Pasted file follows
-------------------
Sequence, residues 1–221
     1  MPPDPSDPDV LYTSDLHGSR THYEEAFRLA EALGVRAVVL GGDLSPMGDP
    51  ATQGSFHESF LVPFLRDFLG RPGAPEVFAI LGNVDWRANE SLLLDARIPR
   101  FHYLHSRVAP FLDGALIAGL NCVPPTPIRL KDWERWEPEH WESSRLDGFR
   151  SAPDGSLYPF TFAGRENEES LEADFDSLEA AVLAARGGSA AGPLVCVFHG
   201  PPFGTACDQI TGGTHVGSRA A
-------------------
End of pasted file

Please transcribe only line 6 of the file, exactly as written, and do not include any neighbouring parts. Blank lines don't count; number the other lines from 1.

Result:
   201  PPFGTACDQI TGGTHVGSRA A